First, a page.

The starting point for my PhD is that the donation of Chauveau’s works to the Musée d’Orsay, and the popularity of the 2020 exhibition there, provide an opportunity for the museum to become more inclusive. I met staff there during my recent research residency in Paris, which I wrote an account of here (, and arranged to donate a copy of my thesis to the library. I needed to write about the story in part because of two ways it helped enable the exhibition to happen: it was published in 2010 in Créatures hypothétiques (Hypothetical creatures, Librairie Élisabeth Brunet: Paris), a portfolio sold at two smaller scale exhibitions; and the Orsay donor, Léopold’s grandson Marc Chauveau, has stated that he made the difficult decision to give the works up because he did not want them to suffer the fate described at the end of the story. Besides that, the story relates to two central concerns in my thesis: the diversity and mutual acceptance of the community or family of ‘monsters’ which contrasts with the exclusionary human society; and the desire for social recognition as an artist mentioned above, which contrasts with romanticised notions of ‘outsider artists’ for whom art is a purely private therapeutic activity. I read an earlier version of my translation of the story out loud during a presentation around these themes to artists with lived experience of mental ill health at Glasgow disability arts charity Project Ability ( This led four artists to produce works in response, which I will write about in my thesis and which I hope will lead to future projects around inclusion, although I don’t actually yet have a job in this area!

What have been some of the most rewarding, and the most challenging, aspects of translating Chauveau's fiction?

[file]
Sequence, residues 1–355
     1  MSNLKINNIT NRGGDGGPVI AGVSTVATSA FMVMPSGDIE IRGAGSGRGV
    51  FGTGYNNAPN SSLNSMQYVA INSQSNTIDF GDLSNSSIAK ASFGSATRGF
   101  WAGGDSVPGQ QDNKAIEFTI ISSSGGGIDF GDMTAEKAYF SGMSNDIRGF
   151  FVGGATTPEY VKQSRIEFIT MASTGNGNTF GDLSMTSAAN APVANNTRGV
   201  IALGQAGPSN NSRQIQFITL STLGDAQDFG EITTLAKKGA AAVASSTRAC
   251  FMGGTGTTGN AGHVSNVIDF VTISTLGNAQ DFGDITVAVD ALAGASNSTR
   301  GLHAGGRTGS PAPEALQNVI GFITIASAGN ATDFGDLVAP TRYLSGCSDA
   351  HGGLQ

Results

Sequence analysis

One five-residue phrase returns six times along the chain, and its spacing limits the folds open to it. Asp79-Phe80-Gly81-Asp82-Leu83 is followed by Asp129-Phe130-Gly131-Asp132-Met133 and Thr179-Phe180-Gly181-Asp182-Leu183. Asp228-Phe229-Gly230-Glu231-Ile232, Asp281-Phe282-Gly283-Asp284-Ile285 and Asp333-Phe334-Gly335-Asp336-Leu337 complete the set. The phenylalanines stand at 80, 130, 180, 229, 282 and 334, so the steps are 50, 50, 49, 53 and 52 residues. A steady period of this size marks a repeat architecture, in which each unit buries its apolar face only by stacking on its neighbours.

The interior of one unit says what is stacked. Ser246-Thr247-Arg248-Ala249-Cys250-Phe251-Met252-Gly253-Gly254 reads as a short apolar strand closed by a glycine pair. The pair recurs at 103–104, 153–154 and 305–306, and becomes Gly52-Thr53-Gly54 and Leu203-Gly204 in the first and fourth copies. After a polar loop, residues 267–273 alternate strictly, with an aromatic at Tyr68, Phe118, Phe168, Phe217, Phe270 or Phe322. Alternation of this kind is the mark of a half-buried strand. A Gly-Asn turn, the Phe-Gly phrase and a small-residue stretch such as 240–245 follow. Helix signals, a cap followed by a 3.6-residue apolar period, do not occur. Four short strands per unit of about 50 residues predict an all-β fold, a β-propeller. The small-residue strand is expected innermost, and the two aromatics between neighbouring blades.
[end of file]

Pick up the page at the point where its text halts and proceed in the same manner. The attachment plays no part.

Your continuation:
I would say his fiction is both rewarding and challenging to translate for the same reason: its quality, as well as the fact that Chauveau tends to be very concise, packing many elements into not many words. To take this story as an example, the translation needs to combine multiple qualities: technical accuracy about the sculpting process; emotional force in conveying affection and despair; irony in the description of the ‘friends’; and a timeless, folk-tale quality conveyed through not naming the characters and using quite a high literary register. Also, the combination of ‘sons’ and ‘children’ becomes more complicated in English where the generic masculine is used less often, but the translator needs to convey the hybrid, genderless nature of the monsters as well as the author’s mourning for real sons.

Are there other authors you'd like to translate, or whose work you'd like to see in English translation?

I’ll give one example of a book I’d like to translate, and one I’d like to see translated by someone else. I found Vercors’ Le Silence de la mer and Melville’s film of the same name very moving, but Cyril Connolly’s translation stilted, so would like to attempt a new version of this story about intercultural encounters and the power of words in a new language. While poetry is not my specialism at the moment, I hope Bertony Louis' Recoudre les horizons (Sowing the horizons back together, Montpellier: L’Appeau’Strophe, 2023) can find an audience in English. I met Bertony during his Artist Protection Fund Fellowship at the University of Glasgow last academic year, and was impressed by how he communicates both the history and current plight of Haiti to audiences unfamiliar with the country.

Can you tell us anything about what you're working on next?

Yes, I’m very pleased to announce that I’ve been awarded the Art in Translation Student Prize for 2023 (, and that Gilbert Lascault’s essay on Chauveau, ‘The familiarity of monsters’, will be published in English with my introduction in Issue 16.2 of the journal (Summer 2024).

Thank you so much, Nat!

Nat Paterson is a translator from French and Italian, and a doctoral researcher on Léopold Chauveau at the University of Glasgow. His first book translation, Echoes of a Lost Voice, was published in 2017. His most recent academic publication is this account of his recent research residency at the Institut Giacometti, Paris.